John Barber came home from Vietnam after two tours of intense jungle combat. Sometimes during those search and destroy missions, most of the guys in his unit never made it back—at least in one piece. Why he survived the odds is hard to understand, he ponders. Maybe it was luck. Maybe not.
Despite having endured thirteen months in Vietnam, John wanted to stay in the Marine Corps. His record showed that he had served dutifully and honorably in-country. So perhaps in his next hitch he could get embassy duty, somewhere safe out of the rain and mud and stench of death.
But the Marine recruiter couldn’t guarantee that he wouldn’t get sent back to the jungle. After all, that’s where they needed trained and experienced infantry men.
“I don’t think I’m going to survive a third tour in Vietnam,” John pleaded. There had been too many close calls already. It was only a matter of time. No guarantee. The recruiter wasn’t negotiating; the combat-weary grunt was either in or out of the Corps. It was his call.
He was out.
During John’s separation processing, a disdainful young officer freshly out of OCS gave the combat veteran some parting advice: “Well, we all can’t be Marines.”
When Post Chaplain Joe Mavero called to invite us to interview veterans at VFW Post 128 in Rochester, PA, we couldn’t pass up an opportunity to preserve more Beaver County stories. After Commander Tom Crawford and the Post’s executive board generously reserved a quiet space for us in the building, we set up a recording event on August 25, 2014.
VFW Post 128 sits on Rochester’s Virginia Avenue, high above the Ohio River valley. It is a spacious location, with reception hall and meeting rooms. In addition to being the home to the Rochester VFW Ladies Auxiliary, the Post hosts Chapter 862 of Vietnam Veterans of America, the largest VVA chapter in Pennsylvania and second in the nation.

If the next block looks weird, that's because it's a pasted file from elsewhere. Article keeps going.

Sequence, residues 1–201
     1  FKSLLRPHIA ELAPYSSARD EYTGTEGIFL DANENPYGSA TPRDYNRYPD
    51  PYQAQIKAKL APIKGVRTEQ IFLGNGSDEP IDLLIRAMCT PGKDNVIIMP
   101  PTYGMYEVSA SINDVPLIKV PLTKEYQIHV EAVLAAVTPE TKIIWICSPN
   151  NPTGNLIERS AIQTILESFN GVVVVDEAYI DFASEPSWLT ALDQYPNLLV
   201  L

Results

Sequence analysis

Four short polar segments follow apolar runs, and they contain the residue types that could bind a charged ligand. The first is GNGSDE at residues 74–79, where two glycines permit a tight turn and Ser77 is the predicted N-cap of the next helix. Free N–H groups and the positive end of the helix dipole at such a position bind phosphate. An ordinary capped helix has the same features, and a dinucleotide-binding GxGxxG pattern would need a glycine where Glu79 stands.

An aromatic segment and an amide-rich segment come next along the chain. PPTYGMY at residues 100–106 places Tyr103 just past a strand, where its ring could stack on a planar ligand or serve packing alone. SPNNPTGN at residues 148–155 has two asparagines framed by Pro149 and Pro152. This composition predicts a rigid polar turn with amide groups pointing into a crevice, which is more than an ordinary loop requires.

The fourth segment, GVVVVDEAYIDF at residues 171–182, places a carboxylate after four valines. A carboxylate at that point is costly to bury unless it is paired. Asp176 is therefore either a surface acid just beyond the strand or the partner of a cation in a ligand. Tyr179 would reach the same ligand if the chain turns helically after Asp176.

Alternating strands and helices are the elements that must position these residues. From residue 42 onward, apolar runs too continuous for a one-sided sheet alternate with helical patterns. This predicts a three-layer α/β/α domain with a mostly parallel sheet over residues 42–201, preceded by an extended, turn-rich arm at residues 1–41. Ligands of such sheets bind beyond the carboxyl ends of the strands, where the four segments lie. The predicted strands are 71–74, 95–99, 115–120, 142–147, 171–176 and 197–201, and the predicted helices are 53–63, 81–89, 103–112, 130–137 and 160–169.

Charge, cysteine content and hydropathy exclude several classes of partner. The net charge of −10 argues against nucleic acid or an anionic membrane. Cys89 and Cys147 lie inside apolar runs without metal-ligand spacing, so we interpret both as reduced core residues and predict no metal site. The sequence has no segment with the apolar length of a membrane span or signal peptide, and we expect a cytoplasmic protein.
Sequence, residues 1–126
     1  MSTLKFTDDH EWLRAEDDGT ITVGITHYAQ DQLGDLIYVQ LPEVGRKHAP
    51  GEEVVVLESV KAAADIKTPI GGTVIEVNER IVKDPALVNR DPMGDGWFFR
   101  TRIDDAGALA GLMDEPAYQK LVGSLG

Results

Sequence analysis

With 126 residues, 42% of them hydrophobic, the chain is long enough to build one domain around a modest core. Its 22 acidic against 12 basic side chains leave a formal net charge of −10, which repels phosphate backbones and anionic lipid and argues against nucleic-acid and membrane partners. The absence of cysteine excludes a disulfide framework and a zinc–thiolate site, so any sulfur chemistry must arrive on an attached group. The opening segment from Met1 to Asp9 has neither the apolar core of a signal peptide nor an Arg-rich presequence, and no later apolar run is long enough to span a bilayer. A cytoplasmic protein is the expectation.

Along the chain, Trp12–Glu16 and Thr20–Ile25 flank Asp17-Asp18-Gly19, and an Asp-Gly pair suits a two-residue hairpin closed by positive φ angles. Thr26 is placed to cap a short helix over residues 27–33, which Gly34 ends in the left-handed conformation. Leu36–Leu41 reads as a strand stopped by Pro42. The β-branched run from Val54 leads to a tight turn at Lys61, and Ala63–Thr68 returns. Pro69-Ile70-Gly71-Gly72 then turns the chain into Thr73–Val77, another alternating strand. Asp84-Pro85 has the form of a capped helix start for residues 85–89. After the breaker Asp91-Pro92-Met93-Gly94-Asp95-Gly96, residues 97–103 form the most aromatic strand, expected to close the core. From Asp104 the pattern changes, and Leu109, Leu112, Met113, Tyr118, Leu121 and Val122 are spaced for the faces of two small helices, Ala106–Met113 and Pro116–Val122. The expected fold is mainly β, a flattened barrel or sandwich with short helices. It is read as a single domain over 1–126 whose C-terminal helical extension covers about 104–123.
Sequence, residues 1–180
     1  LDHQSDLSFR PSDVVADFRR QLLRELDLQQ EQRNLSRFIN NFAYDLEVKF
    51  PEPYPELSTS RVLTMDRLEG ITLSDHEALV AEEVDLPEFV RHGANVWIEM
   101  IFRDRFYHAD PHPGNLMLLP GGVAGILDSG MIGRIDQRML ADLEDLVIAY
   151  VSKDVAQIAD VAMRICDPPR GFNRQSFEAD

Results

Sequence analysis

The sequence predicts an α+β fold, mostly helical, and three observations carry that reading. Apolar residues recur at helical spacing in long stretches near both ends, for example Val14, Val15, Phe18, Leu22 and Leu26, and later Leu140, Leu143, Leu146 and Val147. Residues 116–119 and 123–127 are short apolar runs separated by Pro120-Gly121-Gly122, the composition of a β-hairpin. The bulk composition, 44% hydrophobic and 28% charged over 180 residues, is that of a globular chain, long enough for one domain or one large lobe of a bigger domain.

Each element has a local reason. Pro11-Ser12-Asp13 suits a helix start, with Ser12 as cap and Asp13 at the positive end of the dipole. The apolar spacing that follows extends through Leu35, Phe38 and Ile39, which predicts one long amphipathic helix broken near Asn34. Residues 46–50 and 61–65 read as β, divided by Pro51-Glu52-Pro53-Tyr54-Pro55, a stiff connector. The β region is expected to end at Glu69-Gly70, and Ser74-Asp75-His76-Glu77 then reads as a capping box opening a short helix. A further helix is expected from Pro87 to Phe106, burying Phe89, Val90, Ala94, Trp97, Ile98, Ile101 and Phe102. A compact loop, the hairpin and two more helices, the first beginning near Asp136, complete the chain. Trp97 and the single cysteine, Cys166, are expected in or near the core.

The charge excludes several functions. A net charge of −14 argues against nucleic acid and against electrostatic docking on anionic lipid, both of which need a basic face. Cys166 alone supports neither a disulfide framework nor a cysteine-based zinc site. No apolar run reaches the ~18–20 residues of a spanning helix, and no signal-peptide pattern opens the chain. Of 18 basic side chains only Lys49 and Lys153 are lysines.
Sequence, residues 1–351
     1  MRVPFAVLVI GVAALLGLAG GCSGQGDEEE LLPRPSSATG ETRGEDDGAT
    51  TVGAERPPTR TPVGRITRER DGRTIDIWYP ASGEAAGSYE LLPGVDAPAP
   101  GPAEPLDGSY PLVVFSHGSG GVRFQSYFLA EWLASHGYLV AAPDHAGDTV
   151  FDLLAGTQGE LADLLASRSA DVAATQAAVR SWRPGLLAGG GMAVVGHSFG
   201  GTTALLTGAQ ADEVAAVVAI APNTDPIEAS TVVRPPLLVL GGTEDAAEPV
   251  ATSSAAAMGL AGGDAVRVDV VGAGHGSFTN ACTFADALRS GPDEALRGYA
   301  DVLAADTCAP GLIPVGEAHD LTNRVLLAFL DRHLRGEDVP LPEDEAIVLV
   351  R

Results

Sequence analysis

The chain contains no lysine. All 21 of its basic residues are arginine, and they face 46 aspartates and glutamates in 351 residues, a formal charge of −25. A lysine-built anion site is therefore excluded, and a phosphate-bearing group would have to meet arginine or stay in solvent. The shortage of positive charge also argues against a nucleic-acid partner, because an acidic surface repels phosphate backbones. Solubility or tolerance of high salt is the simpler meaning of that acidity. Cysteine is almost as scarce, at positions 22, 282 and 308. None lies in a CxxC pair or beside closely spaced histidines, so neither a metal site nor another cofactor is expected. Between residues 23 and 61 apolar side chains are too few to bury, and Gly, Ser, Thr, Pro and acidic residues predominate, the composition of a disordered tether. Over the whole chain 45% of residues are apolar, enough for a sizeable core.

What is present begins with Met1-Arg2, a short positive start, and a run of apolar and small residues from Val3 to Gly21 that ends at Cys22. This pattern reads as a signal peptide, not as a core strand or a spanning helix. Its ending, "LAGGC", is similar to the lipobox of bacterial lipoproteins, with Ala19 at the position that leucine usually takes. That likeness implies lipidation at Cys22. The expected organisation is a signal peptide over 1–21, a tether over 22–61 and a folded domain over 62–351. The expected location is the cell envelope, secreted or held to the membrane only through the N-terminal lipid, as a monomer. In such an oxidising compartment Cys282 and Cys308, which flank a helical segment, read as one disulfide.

“We’re thankful that Post 128’s leadership recognizes the importance of preserving the stories of their members,” said Kevin Farkas, director of Veteran Voices of Pittsburgh. “They understand the historical significance of what their members experienced and the importance of giving each veteran a chance to tell his or her story in their own words so that future generations of Americans will better understand and appreciate their service.”
KEYWORDS: 16 INCH GUNS (NAVY); 1966-1969; BOUNCING BETTY; CAMP PENDLETON; CAPTAIN CHRISTMAS; CHU LAI; CON THIEN; DA NANG; F-4 PHANTOM; HANOI HANNAH; HENDERSON HALL, VA; HILL 69; HOTEL COMPANY, 2ND SQUAD (USMC); KA BAR KNIFE; LARRY BURROWS (PHOTOGRAPHER); LIFE MAGAZINE; LISTENING POST; M-14 CARBINE; MARINE CORPS; MOS 0311 (USMC); MILITARY POLICE; NEWSWEEK; NORTH VIETNAMESE ARMY (NVA); OKINAWA, JAPAN; OPERATION PRAIRIE (VIETNAM); PARRIS ISLAND; PAUL KELLOM; PHU BAI; POINT MAN; PUNJI TRAP; RADIO MAN; RED HILL; ROVING AMBUSH; SEARCH AND DESTROY MISSION; USS BEXAR (APA-237); VIETNAM; VIETNAM VETERANS OF AMERICA (CHAPTER 862)
When John Barber came home from the war and looked for work, employers would ask him what he did in the Marine Corps. “I killed people,” he said bluntly. It was the truth. As an infantryman trained to carry out search and destroy missions, that’s what his job was. Kill people . . . or be killed, perhaps by the enemy, perhaps by your own troops. That’s the way it was over there, John admits. “I just wanted to stay alive.”